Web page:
Significant brain changes in pure HSP

Posted - February 2021 in Research Highlights

Potential biomarker of disease progression

 

Significant changes in the structure of the thalamus could be an imaging biomarker of disease progression in pure HSP.

 

A significant reduction in the volume of the thalamus along with a deformity in shape has been found in this Spanish study of 12 people with pure SPG4 HSP. Significant correlations were also found between the deformity in the thalamus and clinical scores on the SP Rating Scale plus disease duration.

 

Abstract

SPG4 is an autosomal dominant pure form of hereditary spastic paraplegia (HSP) caused by mutations in the SPAST gene. HSP is considered an upper motor neuron disorder characterized by progressive spasticity and weakness of the lower limbs caused by degeneration of the corticospinal tract.

In other neurodegenerative motor disorders, the thalamus and basal ganglia are affected, with a considerable impact on disease progression. However, only a few works have studied these brain structures in HSP, mainly in complex forms of this disease. Our research aims to detect potential alterations in the volume and shape of the thalamus and various basal ganglia structures by comparing 12 patients with pure HSP and 18 healthy controls.

We used two neuroimaging procedures: automated segmentation of the subcortical structures (thalamus, hippocampus, caudate nucleus, globus pallidus, and putamen) in native space and shape analysis of the structures. We found a significant reduction in thalamic volume bilaterally, as well as an inward deformation, mainly in the sensory-motor thalamic regions in patients with pure HSP and a mutation in SPG4. We also observed a significant negative correlation between the shape of the thalamus and clinical scores (the Spastic Paraplegia Rating Scale score and disease duration). Moreover, we found a ‘Group × Age’ interaction that was closely related to the severity of the disease. No differences in volume or in shape were found in the remaining subcortical structures studied.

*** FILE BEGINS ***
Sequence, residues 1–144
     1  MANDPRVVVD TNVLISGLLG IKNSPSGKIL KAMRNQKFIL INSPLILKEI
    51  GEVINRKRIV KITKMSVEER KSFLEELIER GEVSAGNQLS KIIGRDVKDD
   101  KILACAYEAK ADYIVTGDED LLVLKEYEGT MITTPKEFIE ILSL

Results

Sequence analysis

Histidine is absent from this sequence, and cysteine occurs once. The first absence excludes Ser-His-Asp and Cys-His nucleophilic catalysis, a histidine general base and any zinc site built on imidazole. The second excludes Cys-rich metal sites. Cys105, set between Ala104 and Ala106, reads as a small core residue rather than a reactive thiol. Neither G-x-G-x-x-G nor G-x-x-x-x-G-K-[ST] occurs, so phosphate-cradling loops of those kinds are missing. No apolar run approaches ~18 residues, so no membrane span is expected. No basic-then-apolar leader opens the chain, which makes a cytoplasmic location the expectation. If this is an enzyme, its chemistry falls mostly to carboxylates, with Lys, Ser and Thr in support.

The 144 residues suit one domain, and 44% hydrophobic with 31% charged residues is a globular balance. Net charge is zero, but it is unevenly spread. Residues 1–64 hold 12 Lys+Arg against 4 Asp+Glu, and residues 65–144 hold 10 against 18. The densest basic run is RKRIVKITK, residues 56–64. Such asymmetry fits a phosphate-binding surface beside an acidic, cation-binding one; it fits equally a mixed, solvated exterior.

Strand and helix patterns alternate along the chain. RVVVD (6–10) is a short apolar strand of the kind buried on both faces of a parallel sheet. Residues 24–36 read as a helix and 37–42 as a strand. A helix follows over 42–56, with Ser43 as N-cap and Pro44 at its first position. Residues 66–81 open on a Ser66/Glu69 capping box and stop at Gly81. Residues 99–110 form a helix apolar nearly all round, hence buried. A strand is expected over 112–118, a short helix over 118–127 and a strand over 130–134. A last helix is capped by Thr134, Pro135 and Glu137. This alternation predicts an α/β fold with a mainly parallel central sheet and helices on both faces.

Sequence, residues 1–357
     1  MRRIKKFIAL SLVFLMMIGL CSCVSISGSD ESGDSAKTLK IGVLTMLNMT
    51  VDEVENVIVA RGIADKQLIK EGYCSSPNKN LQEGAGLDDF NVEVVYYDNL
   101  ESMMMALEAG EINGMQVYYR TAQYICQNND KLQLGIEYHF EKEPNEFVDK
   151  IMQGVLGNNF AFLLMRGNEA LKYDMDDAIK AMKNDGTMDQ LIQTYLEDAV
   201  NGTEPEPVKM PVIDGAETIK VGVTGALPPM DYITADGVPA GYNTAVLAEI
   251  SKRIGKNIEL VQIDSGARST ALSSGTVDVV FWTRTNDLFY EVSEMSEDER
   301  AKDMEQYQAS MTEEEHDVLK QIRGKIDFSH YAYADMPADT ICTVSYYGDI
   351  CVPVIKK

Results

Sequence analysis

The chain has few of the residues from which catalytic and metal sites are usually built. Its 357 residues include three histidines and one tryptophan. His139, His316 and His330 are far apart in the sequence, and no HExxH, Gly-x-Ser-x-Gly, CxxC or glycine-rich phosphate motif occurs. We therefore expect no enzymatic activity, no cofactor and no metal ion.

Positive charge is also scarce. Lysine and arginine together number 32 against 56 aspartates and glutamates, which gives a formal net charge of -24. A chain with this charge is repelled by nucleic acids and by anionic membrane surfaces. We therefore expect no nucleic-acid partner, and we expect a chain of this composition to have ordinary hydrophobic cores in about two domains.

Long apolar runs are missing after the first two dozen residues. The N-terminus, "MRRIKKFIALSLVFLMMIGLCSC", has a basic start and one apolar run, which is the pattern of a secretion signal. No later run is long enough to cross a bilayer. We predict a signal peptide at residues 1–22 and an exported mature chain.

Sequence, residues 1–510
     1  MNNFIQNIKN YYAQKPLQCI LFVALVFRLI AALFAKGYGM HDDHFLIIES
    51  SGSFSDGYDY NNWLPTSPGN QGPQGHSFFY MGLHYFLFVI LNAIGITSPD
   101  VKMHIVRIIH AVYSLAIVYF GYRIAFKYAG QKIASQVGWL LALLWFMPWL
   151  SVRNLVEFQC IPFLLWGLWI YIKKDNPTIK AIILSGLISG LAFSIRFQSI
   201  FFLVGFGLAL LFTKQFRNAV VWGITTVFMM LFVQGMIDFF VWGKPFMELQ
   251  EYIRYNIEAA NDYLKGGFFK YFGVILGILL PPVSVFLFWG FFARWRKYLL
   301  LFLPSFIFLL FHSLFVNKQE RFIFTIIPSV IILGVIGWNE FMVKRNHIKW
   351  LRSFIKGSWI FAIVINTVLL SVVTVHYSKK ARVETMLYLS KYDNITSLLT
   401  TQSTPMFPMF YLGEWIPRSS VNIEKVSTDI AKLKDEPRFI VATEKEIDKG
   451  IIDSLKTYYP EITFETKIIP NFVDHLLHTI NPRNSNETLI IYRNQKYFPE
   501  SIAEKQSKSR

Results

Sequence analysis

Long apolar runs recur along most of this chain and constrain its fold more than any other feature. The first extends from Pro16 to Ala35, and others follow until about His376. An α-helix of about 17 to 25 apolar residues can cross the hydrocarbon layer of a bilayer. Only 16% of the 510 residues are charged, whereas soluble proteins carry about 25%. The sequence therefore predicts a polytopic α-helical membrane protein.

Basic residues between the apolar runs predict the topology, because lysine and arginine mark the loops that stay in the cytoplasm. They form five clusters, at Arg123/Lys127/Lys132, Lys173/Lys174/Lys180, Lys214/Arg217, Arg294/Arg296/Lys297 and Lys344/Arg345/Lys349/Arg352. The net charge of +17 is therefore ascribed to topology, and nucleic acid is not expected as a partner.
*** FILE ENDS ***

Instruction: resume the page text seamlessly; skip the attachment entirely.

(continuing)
Our results suggest that changes in structure of the thalamus could be an imaging biomarker of disease progression in pHSP.

 

SOURCE: J Neurol. 2021 Jan 28. doi: 10.1007/s00415-020-10387-4. Online ahead of print. PMID: 33507371

Thalamic atrophy in patients with pure hereditary spastic paraplegia type 4

Francisco J Navas-Sánchez  1   2 Alberto Fernández-Pena  3 Daniel Martín de Blas  3 Yasser Alemán-Gómez  4   5   6 Luís Marcos-Vidal  3   7   6 Juan A Guzmán-de-Villoria  3   7   8 Pilar Fernández-García  9 Julia Romero  3   8 Irene Catalina  10 Laura Lillo  11   12 José L Muñoz-Blanco  10 Andrés Ordoñez-Ugalde  13   14   15 Beatriz Quintáns  16   17   18 Julio Pardo  19 María-Jesús Sobrido  16   20 Susanna Carmona  3   7 Francisco Grandas #  10 Manuel Desco #  3   7   21   22

1 Instituto de Investigación Sanitaria Gregorio Marañón, Madrid, Spain.

2 Centro de Investigación Biomédica en Red de Salud Mental (CIBERSAM), Madrid, Spain.

3 Instituto de Investigación Sanitaria Gregorio Marañón, Madrid, Spain.

4 Department of Psychiatry, Centre Hospitalier Universitaire Vaudois, Prilly, Switzerland.

5 Department of Radiology, Centre Hospitalier Universitaire Vaudois (CHUV) and University of Lausanne (UNIL), Lausanne, Switzerland.

6 Medical Image Analysis Laboratory (MIAL), Centre D’Imagerie BioMédicale (CIBM), Lausanne, Switzerland.

7 Centro de Investigación Biomédica en Red de Salud Mental (CIBERSAM), Madrid, Spain.

8 Servicio de Radiodiagnóstico, Hospital General Universitario Gregorio Marañón, Madrid, Spain.

9 Hospital Madrid Montepríncipe, Madrid, Spain.

10 Servicio de Neurología, Hospital General Universitario Gregorio Marañón, Madrid, Spain.

11 Hospital Ruber Internacional, Servicio de Neurología, Madrid, Spain.

12 Hospital Universitario Fundación Alcorcón, Servicio de Neurología Alcorcón, Madrid, Spain.

13 Laboratorio Biomolecular, Cuenca, Ecuador.

14 Unidad de Genética y Molecular, Hospital de Especialidades José Carrasco Arteaga, Cuenca, Ecuador.

15 Neurogenetics Group, FPGMX-IDIS, Santiago de Compostela, Spain.

16 Instituto de Investigación Sanitaria, Santiago de Compostela, Spain.

17 Centro de Investigación Biomédica en Red de Enfermedades Raras (CIBERER-U711), Madrid, Spain.

18 Fundación Pública Galega de Medicina Xenómica, Santiago de Compostela, Spain.

19 Departamento de Neurología, Hospital Clínico Universitario de Santiago de Compostela, A Coruña, Santiago de Compostela, Spain.

20 Hospital Clínico Universitario de A Coruña, SERGAS, Santiago de Compostela, Spain.

21 Departamento de Bioingeniería e Ingeniería Aeroespacial, Universidad Carlos III de Madrid, Madrid, Spain.

22 Centro Nacional de Investigaciones Cardiovasculares (CNIC), Madrid, Spain.

# Contributed equally.

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